ANOTHER REALM - Pastel Journal USA
Inspired by Opera, Italian Renaissance painting and her own imagination, English artist Jane Lewis populates her world with theatrical characters who spark our curiosity.
The figures in Jane Lewis’s pastel paintings look out at us from a becalmed, strange and curiously timeless world. Rendered impeccably in subtly shifting tones and hues the paintings present characters dressed in improbable costumes that seem to belong to some bygone classical age. And yet often, in the same works, we find elements of modern dress, hairstyles and gestures that seem distinctly up-to-date. Lewis has created a gently magical realm where historical eras intermingle, where the most unlikely things can happen and where characters carry expressions of benign enchantment.
It is hardly surprising to learn that these pictures arise from an almost visionary approach. “I always have a lot of pictorial ideas floating around my mind,” says the artist, “and there can be a gestation period of weeks, months or years before an image finds its way into a pastel or oil painting. I keep a notebook with lists of possible subjects and titles, and a sketchbook of rudimentary compositional drawings. Many of these will never see the light of day because I work too slowly to realize them all.”
The inspirations of Lewis’s world are varied. As a young artist, fresh out of graduate school at the Slade in London, she undertook a year’s residency with Kent opera. “It had a big impact,” she says. “I would say that it was the moment when my work began to enter a mature phase. To me the operatic experience is one of ideas expressed in a larger-than-life way that often appears artificial and yet has the ability to express deep truth and emotion. When I began using masks and theatrical-looking costumes in my work, I couldn’t quite explain why, but simply felt attracted to them. Now I think that they heighten the atmosphere of a painting and create a separate world in which the characters and objects of the composition can speak more eloquently - albeit in a language of their own! Painting after all is not real life, and why should it be?” Lewis has also been much influenced by ancient Roman painting as well as painting of the Italian Renaissance, evidenced by the purity of form in her work and the almost stately sense of interval. “Whenever I can I take a holiday in Italy and look at paintings,” she says. “I would say that in recent years this has been my principle inspiration.”
A painter in both oils and pastels, Lewis has a keen appreciation of the strengths of each medium and assigns to each a distinct role in her creative practice. “Pastel brings a certain freshness,” she says. “When I work in oil paint, I use layer upon layer which can be added to almost indefinitely. With pastel there is a limit to the layers it is possible to apply before it cakes and falls off the surface. And so I must work within a tighter discipline, which can be stimulating if I‘ve been bogged down for months with a difficult oil painting. Pastel is a kind of balancing act, with imminent disaster at each stroke of the crayon! This is because once a piece of work has progressed to a certain point it is difficult to make corrections, at least in the way I work.”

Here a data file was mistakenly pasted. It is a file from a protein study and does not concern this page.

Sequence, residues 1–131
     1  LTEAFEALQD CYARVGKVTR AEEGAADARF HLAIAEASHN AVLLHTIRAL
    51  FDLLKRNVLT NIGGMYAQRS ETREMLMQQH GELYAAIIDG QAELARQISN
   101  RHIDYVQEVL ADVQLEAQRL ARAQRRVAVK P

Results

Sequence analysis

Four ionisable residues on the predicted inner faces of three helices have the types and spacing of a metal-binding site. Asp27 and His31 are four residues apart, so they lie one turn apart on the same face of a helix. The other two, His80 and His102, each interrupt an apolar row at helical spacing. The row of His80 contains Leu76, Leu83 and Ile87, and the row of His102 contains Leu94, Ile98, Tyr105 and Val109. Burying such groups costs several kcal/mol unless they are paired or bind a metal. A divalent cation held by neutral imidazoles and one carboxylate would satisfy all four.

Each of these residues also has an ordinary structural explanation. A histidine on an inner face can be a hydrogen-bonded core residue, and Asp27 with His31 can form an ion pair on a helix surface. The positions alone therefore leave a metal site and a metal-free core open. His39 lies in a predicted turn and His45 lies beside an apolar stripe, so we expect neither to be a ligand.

Lewis also says that with pastel she enjoys the challenge of working with a limited palette. “Pigments in pastel are more vibrant than when mixed with oil,” she says. “I stick very strictly to a few earth colors in pastel because of their greater vibrancy. It can be a challenge to express say strong pinks, oranges and yellows in earth colors, but the restriction avoids their looking garish.” It should also be said that the generally muted color obtained from this restricted palette adds greatly to the sense of atmosphere and remove in Lewis’ work.
Another advantage of using pastel is the relative speed of execution when compared to oil. “I can be more free in pastel because the time I’m investing is so much less,” says the artist, adding that she can spend up to a year on an oil painting but will rarely work for more than a month on a pastel. This freedom allows her to take risks, often beginning a pastel by taking up one element, and allowing later additions to take their place through a process of intuition and suggestion. On the other hand, when working in oil the artist makes life-sized sketches and cartoons to ensure that the compositions are fully organized before she begins painting.
Before starting a pastel Lewis tints the paper with watercolor. “I use an earth green and a kind of brownish red which is usually a mixture of burnt umber and red,” she says. “I lay one over the other in two separate washes into which I press crumpled tissue paper to get a marbled effect. This is eventually completely obscured by pastel.”
Lewis works from a variety of reference, “I have done a lot of drawing from life, but I find it essential, because of my very slow working methods and my liking of privacy, to take several photos of a sitter from which I can choose aspects I find most useful,” she says. “I nearly always reinvent a figure or object and also use memory and imagination.”
Having selected her subject matter Lewis makes a fully rendered and completely fixed charcoal under-drawing on her colored ground. “On occasions when a picture is not going well I can wash the pastel layers away back to the charcoal base drawing without losing everything,” she explains. “The pastel painting is then built gradually from dark tones to light, at first using a muted approximation of the final colors, and finishing with the full tints and lighter accents.” Lewis says that she does a lot of blending with her fingers, especially in the early stages. “I finish by delicately blending tones and colors with direct strokes of the pastel crayons,” she says. “Fine detail is achieved with pastel pencils.”
Apart from fixing her initial charcoal drawing Lewis rarely uses fixative. “Spraying fixative flattens and kills the whites and to my mind deadens the crumbly pastel surface,” she says. “But I do use fixative or else just water to achieve texture by spattering certain areas of a painting. I cut paper stencils to protect other parts of the picture from spattering.” Lewis also uses a more elaborate stencil technique to create subtle patterns in some of her work. “I’ve cut quite a lot of decorative stencils over the years,” she says. “I place them on the area of a pastel I want to modify and block out the other parts of the painting. Then I spray fixative gently through the shapes. This darkens the pastel, creating a subtle version of the pattern on the surface. I then work back into the area as needed.”